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Petitioner ­ Appellant,



Respondents ­ Appellees.

No. 06-1496

(D.C. No. 05-CV-1767-PSF-MEH)

(D. Colo.)


Before LUCERO, HARTZ, and GORSUCH, Circuit Judges.

Carl W. Pursley, Jr., a state prisoner proceeding pro se, requests a certificate of appealability ("COA") to appeal the district court's dismissal of his 28 U.S.C. § 2254 habeas petition. For substantially the same reasons set forth by the district court, we DENY a COA and DISMISS.

Pursley was convicted in Colorado district court of attempted first degree murder, second degree murder, and two habitual criminal counts. He was sentenced to a total of 90 years' imprisonment. He exhausted his direct appeal rights on October 30, 1995, when the Colorado Supreme Court denied him a writ of certiorari. On August 20, 1998, Pursley filed a motion for state postconviction relief, exhausting his state collateral remedies on September 6, 2005. Pursley then filed a petition for federal habeas relief pursuant to 28 U.S.C. § 2254 on September 13, 2005, in which he asserted eleven grounds for relief. The district court dismissed his petition as time-barred and denied a COA. Pursley now seeks a COA from this court.(1)

Section 2244(d)(1)(A) provides a one-year statute of limitations for § 2254 petitions from the date the judgment becomes final. Pursley concedes that he had until April 24, 1997 to file his petition, or one year from the date of AEDPA's enactment. See United States v. Hurst, 322 F.3d 1256, 1260 (10th Cir. 2003). Yet, because "[t]he time during which a properly filed application for State post-conviction or other collateral review with respect to the pertinent judgment or claim is pending shall not be counted toward any period of limitation under this subsection," § 2244(d)(2), the limitations period would be tolled during the pendency of Pursley's motion for state post-conviction relief.

Pursley's central argument on appeal is that the district court erred in finding that he did not file his motion for state post-conviction relief until August 20, 1998, well after the limitations period ended. He argues that we should look not to the date the state motion was filed, but to his "Motion for Appointment of Counsel for Post-Conviction Proceedings Pursuant to Colo.R.Crim.P.35(c)," dated June 13, 1996, and subsequent motions seeking appointment of counsel, for tolling purposes. Those motions were not part of the record before the district court; however, Pursley has now moved to supplement the record on appeal.

Having reviewed the motions, we see no reason to depart from the judgment of the district court that Pursley's motions for appointment of counsel did not "state adequate factual or legal grounds for relief," as required for tolling under Colo. R. Crim. P. 35(c)(3)(iv), and thus did not toll the statute of limitations. See Robinson v. Golder, 443 F.3d 718, 720 (10th Cir. 2006) (holding that a motion for state post-conviction relief is "properly filed" only if it satisfies the state's procedural requirements). As such, this case is readily distinguishable from our decision in Habteselassie v. Novak, in which we held that a motion for relief pursuant to Colorado Rule of Criminal Procedure 35 tolled the statute of limitations if it requested appointment of new counsel, sought post-conviction relief, and stated adequate grounds for relief. 209 F.3d 1208, 1213 (10th Cir. 2000).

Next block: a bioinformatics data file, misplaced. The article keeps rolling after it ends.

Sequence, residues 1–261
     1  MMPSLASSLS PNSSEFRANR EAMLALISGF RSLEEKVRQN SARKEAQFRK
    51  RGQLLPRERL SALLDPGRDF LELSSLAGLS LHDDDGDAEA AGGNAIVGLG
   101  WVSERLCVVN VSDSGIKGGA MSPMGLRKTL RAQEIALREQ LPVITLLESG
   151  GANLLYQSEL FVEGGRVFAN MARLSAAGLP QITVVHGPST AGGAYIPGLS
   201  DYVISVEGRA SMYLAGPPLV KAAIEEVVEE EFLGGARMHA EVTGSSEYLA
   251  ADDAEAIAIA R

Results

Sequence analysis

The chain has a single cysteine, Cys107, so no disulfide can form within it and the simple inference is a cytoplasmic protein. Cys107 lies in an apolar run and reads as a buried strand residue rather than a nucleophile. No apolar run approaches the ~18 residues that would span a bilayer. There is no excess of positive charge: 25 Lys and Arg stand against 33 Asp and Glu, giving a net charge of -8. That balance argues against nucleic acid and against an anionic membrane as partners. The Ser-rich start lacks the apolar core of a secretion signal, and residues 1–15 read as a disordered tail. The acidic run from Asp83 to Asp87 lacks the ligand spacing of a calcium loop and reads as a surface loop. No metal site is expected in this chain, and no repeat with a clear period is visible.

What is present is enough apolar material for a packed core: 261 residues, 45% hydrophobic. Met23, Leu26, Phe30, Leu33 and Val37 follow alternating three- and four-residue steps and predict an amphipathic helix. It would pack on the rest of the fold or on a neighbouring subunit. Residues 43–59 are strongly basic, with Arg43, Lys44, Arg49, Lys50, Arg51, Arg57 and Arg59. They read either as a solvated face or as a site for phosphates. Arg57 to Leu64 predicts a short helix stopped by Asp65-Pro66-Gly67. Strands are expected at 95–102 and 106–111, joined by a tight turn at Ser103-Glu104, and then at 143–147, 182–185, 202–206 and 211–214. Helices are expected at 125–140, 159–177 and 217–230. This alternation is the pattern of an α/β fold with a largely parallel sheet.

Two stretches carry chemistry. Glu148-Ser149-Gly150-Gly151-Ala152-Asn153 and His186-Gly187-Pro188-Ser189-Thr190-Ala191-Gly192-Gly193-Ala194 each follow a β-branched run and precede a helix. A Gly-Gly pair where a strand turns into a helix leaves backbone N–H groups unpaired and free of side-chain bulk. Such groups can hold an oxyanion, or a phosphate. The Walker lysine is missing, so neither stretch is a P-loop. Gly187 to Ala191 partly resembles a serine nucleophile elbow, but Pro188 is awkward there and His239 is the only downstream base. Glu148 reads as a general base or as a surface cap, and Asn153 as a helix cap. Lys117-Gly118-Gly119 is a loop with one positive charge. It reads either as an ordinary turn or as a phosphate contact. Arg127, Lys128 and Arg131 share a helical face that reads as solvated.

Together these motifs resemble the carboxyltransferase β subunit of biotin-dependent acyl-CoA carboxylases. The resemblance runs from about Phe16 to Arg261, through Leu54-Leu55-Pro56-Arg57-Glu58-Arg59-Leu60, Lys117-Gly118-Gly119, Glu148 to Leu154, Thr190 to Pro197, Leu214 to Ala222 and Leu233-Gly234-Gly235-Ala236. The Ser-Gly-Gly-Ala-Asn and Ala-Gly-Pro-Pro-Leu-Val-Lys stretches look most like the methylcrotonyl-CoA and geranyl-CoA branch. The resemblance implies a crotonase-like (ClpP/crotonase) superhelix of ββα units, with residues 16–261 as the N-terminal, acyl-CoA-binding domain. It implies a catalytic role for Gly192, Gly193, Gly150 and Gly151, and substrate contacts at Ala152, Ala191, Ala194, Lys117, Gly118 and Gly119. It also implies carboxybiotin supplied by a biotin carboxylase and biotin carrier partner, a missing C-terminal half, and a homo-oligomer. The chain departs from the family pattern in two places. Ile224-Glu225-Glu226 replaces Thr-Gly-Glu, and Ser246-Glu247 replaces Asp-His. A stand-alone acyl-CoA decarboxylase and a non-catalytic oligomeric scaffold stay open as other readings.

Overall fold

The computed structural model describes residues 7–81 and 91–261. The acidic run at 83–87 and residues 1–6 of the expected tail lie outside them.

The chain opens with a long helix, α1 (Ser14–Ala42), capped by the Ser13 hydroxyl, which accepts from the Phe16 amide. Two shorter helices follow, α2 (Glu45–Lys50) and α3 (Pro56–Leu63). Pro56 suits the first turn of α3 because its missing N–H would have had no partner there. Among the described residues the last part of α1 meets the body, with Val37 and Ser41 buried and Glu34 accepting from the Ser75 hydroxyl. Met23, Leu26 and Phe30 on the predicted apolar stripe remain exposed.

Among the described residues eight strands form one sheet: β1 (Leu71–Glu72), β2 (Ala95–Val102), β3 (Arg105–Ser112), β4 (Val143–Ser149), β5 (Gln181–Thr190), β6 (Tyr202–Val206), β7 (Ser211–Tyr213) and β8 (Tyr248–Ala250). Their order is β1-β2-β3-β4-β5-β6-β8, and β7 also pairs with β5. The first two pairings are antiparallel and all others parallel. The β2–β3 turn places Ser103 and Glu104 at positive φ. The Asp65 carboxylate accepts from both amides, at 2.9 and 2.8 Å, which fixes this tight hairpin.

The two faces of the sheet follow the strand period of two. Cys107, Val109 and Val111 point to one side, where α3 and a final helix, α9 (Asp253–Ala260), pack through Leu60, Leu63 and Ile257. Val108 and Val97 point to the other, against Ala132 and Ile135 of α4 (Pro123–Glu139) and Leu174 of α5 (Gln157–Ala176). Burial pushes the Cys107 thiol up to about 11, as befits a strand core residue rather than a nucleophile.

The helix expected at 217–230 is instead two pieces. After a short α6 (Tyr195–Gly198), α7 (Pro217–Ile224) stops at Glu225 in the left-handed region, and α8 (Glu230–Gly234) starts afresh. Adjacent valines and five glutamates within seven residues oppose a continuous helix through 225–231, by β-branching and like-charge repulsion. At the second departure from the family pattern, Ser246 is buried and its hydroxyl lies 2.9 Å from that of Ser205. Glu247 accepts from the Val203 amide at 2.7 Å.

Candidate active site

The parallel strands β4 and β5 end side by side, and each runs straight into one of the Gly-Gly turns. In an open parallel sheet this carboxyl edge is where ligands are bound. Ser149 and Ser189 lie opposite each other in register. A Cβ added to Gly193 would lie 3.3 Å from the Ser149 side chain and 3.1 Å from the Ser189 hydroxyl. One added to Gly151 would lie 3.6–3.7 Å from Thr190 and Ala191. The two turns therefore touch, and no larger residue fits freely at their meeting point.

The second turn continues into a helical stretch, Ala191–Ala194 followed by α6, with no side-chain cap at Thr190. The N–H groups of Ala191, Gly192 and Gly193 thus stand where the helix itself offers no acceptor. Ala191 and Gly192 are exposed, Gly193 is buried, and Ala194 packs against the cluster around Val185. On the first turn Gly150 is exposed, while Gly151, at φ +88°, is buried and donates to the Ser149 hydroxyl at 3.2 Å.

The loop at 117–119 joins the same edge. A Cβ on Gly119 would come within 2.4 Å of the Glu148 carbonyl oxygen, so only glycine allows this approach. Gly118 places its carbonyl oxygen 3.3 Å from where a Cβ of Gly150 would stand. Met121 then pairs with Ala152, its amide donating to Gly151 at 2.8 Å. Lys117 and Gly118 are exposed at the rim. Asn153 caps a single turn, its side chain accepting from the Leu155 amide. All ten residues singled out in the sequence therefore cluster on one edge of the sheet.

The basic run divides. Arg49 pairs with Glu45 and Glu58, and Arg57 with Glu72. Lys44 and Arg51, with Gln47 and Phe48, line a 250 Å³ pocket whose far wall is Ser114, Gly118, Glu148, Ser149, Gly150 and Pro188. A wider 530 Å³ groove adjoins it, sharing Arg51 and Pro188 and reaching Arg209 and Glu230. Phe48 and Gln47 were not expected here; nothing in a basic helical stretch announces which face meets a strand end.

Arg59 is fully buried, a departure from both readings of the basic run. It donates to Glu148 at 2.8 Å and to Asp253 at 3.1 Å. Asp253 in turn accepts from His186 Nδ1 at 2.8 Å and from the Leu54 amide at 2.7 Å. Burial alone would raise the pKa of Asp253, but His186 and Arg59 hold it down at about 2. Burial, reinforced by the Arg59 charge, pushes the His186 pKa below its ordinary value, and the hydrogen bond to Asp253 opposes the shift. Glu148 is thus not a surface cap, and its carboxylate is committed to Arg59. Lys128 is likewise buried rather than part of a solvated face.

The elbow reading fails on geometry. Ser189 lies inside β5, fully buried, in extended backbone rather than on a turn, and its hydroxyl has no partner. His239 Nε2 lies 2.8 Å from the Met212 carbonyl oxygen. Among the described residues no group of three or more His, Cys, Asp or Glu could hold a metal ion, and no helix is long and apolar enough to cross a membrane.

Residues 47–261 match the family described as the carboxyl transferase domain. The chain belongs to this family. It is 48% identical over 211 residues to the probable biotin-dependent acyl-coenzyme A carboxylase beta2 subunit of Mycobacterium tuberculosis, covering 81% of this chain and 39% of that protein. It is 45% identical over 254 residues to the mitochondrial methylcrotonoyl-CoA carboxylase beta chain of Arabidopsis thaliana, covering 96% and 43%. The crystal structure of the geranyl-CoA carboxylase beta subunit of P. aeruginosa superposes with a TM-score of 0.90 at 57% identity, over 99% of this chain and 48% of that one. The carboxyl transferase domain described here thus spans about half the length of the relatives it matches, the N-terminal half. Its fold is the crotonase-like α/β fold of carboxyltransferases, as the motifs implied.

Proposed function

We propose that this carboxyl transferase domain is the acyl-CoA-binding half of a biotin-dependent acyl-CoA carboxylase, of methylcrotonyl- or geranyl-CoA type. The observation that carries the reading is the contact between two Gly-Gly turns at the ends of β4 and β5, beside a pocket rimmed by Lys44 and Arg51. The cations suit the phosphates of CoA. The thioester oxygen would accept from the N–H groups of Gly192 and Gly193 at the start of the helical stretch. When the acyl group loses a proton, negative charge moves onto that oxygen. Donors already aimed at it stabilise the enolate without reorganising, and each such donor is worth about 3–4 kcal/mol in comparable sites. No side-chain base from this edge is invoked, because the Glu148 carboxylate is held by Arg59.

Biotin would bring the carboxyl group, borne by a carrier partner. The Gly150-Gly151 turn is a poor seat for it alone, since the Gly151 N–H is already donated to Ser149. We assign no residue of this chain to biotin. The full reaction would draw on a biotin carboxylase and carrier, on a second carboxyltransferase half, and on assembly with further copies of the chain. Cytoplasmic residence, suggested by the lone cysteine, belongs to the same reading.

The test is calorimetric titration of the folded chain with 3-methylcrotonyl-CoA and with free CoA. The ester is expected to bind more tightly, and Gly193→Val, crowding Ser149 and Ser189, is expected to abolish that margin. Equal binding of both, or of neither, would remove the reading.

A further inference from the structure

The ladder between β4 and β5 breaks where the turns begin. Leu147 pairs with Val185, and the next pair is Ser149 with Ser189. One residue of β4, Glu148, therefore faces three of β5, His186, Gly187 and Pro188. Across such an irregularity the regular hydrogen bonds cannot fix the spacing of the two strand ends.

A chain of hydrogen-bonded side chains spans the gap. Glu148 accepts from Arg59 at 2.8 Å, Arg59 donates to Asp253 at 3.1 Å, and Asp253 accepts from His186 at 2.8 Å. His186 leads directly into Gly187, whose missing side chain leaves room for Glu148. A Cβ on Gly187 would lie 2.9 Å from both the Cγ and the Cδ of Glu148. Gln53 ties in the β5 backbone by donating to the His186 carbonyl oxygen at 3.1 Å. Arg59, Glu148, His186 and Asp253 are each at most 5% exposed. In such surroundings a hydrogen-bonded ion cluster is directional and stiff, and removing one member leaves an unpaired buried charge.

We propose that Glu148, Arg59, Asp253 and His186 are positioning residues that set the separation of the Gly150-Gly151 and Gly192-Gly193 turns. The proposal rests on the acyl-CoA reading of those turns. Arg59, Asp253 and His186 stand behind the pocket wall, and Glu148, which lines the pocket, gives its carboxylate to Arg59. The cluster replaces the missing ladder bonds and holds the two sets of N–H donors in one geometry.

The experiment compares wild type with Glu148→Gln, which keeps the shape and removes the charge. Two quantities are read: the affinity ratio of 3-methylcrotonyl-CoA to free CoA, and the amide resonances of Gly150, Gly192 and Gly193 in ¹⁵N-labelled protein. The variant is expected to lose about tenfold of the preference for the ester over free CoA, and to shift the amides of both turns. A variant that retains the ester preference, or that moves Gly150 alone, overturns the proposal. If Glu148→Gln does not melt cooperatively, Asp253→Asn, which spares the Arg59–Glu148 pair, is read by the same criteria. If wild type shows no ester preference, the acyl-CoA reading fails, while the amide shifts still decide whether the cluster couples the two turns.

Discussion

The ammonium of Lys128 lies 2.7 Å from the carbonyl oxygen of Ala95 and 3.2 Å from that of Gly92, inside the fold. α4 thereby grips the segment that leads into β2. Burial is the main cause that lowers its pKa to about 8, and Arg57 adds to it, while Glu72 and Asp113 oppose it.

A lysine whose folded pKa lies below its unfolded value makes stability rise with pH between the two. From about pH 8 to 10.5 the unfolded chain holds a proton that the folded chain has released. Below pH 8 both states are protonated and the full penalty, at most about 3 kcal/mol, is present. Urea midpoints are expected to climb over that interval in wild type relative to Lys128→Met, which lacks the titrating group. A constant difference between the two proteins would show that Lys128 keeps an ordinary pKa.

In the alternative, Pursley argues that he should be excepted from AEDPA's statute of limitations on grounds of actual innocence. See Schlup v. Delo, 513 U.S. 298, 327 (1995). Because he has presented no new evidence that makes it "more likely than not that no reasonable juror" would have convicted him, we decline to do so. Id.

For the reasons set forth above, Pursley's motions to proceed in forma pauperis and to supplement the record on appeal are GRANTED, his request for a COA is DENIED, and his appeal is DISMISSED.


Carlos F. Lucero

Circuit Judge

Click footnote number to return to corresponding location in the text.

*. This order and judgment is not binding precedent except under the doctrines of law of the case, res judicata and collateral estoppel. It may be cited, however, for its persuasive value consistent with Fed. R. App. P. 32.1 and 10th Cir. R. 32.1.

1. The Antiterrorism and Effective Death Penalty Act ("AEDPA") conditions a petitioner's right to appeal a district court's denial of habeas relief under § 2254 upon a grant of a COA. 28 U.S.C. § 2253(c)(1)(A). A COA may be issued "only if the applicant has made a substantial showing of the denial of a constitutional right." § 2253(c)(2). This requires Pursley to show "that reasonable jurists could debate whether (or, for that matter, agree that) the petition should have been resolved in a different manner or that the issues presented were adequate to deserve encouragement to proceed further." Slack v. McDaniel, 529 U.S. 473, 484 (2000) (quotations omitted). Accordingly, Pursley may not appeal the district court's decision absent a grant of a COA by this court.

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